Judge urges ‘common sense’ over LNG issues

National, Normal


DEPUTY Chief Justice Gibbs Salika has urged for “common sense” to prevail by the State, Department of Petroleum and Energy and landowners in dealing with sensitive issues that may affect the liquefied natural gas (LNG) project.
Justice Salika also cautioned that Department of Petroleum (DPE) and Energy not to get Papa, Lealea and Boera landowners over-excited into signing the Licence-Based Benefits Sharing Agreement (LBBSA) as issues in Southern Highlands must be put to rest first.
“The Department of Petroleum and Energy must not get these people over-excited which may lead to false assumptions and expectations,” Justice Salika said.
He called on all parties including the State, DPE, Southern Highlands, Gulf and Central landowners, who have dispute to return to court next Monday to find a way forward including Alternative Dispute Resolution (ADR) for the benefit of all parties affected by the LNG project.
He made the remarks after Digibu landowners from Kutubu went before the Waigani National Court seeking restraining orders to block the current licence-based forums from going ahead.
Mark Nasil of Nasil Lawyers, acting for Digimu Landowners Association, argued that social mapping and landowner identification provided for under the Oil and Gas Act had not been complied with by the State and DPE.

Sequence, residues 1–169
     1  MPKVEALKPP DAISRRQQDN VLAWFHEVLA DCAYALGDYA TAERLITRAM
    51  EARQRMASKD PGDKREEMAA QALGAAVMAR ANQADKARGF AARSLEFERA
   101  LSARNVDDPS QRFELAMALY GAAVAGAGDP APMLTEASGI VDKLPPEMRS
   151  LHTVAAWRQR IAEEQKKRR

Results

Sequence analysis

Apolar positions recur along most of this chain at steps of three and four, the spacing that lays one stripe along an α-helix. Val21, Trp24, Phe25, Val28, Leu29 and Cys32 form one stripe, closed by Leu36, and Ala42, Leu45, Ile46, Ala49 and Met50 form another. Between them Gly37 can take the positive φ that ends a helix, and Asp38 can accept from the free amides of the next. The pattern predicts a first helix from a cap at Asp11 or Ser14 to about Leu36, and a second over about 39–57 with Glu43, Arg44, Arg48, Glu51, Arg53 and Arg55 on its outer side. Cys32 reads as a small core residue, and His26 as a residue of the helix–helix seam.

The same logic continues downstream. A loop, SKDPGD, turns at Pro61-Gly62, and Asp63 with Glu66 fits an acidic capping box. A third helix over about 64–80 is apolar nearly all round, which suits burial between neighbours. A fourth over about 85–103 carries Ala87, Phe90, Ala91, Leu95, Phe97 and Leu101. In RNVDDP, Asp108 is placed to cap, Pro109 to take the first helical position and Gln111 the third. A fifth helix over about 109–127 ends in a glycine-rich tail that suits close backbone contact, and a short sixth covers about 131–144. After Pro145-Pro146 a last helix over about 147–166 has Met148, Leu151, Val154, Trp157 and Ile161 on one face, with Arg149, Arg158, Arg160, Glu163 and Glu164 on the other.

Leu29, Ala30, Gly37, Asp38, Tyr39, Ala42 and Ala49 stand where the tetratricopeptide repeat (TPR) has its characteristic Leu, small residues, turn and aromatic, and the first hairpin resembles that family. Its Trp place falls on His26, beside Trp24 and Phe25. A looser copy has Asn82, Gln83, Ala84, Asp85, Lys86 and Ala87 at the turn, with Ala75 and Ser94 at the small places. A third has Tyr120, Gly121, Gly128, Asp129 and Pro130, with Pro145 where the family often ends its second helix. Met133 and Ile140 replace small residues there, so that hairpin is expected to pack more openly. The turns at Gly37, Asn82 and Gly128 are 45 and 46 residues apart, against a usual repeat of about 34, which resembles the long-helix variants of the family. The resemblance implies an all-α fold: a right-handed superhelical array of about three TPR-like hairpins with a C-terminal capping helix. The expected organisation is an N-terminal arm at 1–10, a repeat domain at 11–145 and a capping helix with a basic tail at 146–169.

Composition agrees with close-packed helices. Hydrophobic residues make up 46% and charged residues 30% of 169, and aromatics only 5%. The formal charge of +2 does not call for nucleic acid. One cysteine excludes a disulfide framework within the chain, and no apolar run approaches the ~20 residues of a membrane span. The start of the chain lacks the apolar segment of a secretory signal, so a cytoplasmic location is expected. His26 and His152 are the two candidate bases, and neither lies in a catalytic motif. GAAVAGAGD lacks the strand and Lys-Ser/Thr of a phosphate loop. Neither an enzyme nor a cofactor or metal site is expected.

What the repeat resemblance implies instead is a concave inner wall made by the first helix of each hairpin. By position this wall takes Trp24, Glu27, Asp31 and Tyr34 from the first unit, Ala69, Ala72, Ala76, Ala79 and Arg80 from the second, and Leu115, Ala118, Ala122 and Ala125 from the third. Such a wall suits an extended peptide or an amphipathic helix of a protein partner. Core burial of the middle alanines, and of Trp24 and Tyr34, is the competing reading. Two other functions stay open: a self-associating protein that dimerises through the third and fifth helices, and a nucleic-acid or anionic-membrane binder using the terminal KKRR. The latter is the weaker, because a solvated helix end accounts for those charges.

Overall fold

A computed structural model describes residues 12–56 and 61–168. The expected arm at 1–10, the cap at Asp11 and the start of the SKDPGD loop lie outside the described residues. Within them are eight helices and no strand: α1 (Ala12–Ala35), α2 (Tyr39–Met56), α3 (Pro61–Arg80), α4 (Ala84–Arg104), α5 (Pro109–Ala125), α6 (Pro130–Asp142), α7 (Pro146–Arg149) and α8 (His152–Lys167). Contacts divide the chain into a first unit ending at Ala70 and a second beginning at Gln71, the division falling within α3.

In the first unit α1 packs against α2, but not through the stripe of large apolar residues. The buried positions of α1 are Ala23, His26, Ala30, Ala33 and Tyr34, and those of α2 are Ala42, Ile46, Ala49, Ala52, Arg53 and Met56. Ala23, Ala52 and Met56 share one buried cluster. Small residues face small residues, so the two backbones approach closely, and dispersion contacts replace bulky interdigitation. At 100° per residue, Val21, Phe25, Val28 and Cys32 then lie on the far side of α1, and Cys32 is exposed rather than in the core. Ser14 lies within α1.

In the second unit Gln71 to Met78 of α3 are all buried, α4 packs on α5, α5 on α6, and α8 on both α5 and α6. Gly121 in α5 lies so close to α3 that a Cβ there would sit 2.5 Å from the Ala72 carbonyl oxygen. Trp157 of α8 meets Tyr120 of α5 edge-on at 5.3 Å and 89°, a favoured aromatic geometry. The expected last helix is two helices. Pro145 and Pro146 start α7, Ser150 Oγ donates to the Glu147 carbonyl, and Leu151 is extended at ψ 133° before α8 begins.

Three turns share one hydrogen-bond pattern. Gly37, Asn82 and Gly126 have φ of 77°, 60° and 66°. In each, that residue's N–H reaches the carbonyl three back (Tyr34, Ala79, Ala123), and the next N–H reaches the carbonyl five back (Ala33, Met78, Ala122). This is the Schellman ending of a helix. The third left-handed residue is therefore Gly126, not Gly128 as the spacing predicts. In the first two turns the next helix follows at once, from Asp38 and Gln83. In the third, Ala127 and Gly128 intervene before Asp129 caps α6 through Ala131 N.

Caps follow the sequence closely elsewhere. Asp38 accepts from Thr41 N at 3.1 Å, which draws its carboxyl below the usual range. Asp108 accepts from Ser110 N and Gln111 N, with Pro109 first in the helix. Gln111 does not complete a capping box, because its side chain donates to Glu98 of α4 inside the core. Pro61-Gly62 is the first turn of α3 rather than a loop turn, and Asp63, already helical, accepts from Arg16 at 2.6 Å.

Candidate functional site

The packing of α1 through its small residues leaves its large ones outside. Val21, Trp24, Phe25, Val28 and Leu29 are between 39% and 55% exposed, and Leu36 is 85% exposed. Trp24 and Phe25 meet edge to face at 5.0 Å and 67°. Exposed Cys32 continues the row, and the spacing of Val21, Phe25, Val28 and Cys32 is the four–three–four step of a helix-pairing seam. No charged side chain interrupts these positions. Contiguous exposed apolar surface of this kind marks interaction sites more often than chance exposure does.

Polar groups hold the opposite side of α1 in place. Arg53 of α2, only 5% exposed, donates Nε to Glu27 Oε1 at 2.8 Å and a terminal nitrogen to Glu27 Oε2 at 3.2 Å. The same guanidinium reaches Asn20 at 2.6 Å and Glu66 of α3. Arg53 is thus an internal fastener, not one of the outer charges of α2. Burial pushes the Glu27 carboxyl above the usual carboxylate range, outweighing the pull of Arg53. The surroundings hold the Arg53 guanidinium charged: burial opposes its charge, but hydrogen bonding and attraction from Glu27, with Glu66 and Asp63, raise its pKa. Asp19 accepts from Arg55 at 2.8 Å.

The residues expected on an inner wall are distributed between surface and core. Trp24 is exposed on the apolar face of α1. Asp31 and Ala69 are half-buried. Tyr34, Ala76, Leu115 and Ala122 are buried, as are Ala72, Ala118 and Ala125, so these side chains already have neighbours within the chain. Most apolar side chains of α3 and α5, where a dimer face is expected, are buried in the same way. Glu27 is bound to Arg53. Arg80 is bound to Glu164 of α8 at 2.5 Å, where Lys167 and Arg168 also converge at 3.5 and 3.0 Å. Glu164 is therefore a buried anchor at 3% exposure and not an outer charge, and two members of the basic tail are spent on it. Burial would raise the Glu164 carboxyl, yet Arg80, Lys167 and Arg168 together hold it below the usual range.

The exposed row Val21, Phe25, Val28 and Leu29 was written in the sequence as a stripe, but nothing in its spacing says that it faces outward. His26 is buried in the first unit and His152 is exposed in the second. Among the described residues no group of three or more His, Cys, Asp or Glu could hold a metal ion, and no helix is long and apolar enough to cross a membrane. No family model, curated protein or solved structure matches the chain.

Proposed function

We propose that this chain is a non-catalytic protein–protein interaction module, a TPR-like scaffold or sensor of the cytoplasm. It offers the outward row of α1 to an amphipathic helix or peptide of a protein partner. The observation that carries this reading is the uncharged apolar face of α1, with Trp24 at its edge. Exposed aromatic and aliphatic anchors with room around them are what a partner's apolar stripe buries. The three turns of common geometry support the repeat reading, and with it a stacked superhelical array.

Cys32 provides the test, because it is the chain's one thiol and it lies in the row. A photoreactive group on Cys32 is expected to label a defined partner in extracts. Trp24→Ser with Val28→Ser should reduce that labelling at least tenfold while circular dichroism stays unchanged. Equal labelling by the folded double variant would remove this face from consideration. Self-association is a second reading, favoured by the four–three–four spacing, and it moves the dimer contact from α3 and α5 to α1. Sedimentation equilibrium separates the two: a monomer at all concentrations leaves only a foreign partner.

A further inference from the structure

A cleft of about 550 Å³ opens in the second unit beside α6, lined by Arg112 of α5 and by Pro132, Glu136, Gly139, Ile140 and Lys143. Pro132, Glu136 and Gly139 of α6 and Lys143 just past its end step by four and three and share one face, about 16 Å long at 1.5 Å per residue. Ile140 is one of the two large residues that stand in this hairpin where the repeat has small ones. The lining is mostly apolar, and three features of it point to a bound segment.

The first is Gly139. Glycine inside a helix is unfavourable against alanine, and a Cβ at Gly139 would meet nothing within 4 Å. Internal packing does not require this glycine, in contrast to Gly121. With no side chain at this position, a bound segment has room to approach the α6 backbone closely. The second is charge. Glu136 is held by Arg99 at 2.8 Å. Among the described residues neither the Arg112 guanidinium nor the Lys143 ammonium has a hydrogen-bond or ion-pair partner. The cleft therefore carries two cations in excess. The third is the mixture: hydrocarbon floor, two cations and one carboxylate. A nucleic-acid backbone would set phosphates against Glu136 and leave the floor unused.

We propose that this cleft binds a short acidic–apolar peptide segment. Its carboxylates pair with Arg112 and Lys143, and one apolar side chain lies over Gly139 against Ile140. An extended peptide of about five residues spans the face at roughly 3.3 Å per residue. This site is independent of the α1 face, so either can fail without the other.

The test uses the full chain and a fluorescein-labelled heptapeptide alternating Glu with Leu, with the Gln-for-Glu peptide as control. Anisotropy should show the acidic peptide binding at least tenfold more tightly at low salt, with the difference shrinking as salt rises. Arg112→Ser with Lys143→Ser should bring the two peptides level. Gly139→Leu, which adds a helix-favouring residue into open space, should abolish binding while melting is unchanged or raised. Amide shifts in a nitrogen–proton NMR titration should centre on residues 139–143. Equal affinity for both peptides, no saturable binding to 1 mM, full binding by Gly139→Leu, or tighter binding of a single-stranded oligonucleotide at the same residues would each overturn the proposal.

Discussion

He said the LBBSA should be restrained because section 48 of the Oil and Gas Act was very specific and a prerequisite to the LBBSA.
Justice Salika intervened saying that “for any development forum must start from Southern Highlands and down to Gulf and Central province landowners because the gas and pipeline will start from up there and come down here”.
Lawyer for DPE Greg Manda submitted that he did not receive any instructions from the department that the Development Forum for Papua be restrained.
Justice Salika made a ruling that all matters and parties involved in the LBBSA or the LNG project should come before the court next Monday.
“We will see what happens on Monday, and if all parties agree, we can resolve through ADR means.”
Justice Salika then cautioned Mr Manda not to get the people of Papa, Boera, Lealea and Porebada over-excited with the current LBBSA underway at Murray Barracks.
“Common sense should prevail, don’t get these people excited,” he Salika.
Justice Salika said whatever was happening in Port Moresby was putting unnecessary pressure on landowner groups in Southern Highlands as they felt they were being left out while LBBSA was conducted here.
“The State must treat landowner issues with proper respect and understanding.”
Justice Salika said this type of attitude by the State had contributed to Papua New Guinea’s rating by the World Bank as a difficult country to invest in.